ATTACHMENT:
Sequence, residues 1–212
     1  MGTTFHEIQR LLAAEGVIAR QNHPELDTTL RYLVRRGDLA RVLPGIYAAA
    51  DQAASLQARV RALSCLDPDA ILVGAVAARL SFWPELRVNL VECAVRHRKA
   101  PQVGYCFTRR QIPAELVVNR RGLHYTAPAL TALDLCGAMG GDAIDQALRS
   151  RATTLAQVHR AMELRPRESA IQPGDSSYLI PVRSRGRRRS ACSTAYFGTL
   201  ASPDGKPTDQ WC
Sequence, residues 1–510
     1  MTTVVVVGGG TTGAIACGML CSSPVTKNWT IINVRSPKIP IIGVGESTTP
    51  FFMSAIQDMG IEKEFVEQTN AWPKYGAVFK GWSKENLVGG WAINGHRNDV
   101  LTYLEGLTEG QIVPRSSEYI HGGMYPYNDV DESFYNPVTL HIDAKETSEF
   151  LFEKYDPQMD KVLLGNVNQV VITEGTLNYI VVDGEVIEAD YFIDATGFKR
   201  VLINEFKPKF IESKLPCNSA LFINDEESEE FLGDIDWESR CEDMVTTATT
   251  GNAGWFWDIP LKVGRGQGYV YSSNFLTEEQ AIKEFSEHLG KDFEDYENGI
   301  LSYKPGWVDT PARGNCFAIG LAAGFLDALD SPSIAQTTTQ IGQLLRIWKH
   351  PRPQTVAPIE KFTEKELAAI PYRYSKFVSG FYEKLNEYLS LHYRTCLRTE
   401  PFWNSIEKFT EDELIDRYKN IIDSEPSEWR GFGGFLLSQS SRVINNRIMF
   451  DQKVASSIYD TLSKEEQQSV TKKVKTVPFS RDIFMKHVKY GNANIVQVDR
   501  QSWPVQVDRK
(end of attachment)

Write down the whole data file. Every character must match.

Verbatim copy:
Sequence, residues 1–212
     1  MGTTFHEIQR LLAAEGVIAR QNHPELDTTL RYLVRRGDLA RVLPGIYAAA
    51  DQAASLQARV RALSCLDPDA ILVGAVAARL SFWPELRVNL VECAVRHRKA
   101  PQVGYCFTRR QIPAELVVNR RGLHYTAPAL TALDLCGAMG GDAIDQALRS
   151  RATTLAQVHR AMELRPRESA IQPGDSSYLI PVRSRGRRRS ACSTAYFGTL
   201  ASPDGKPTDQ WC
Sequence, residues 1–510
     1  MTTVVVVGGG TTGAIACGML CSSPVTKNWT IINVRSPKIP IIGVGESTTP
    51  FFMSAIQDMG IEKEFVEQTN AWPKYGAVFK GWSKENLVGG WAINGHRNDV
   101  LTYLEGLTEG QIVPRSSEYI HGGMYPYNDV DESFYNPVTL HIDAKETSEF
   151  LFEKYDPQMD KVLLGNVNQV VITEGTLNYI VVDGEVIEAD YFIDATGFKR
   201  VLINEFKPKF IESKLPCNSA LFINDEESEE FLGDIDWESR CEDMVTTATT
   251  GNAGWFWDIP LKVGRGQGYV YSSNFLTEEQ AIKEFSEHLG KDFEDYENGI
   301  LSYKPGWVDT PARGNCFAIG LAAGFLDALD SPSIAQTTTQ IGQLLRIWKH
   351  PRPQTVAPIE KFTEKELAAI PYRYSKFVSG FYEKLNEYLS LHYRTCLRTE
   401  PFWNSIEKFT EDELIDRYKN IIDSEPSEWR GFGGFLLSQS SRVINNRIMF
   451  DQKVASSIYD TLSKEEQQSV TKKVKTVPFS RDIFMKHVKY GNANIVQVDR
   501  QSWPVQVDRK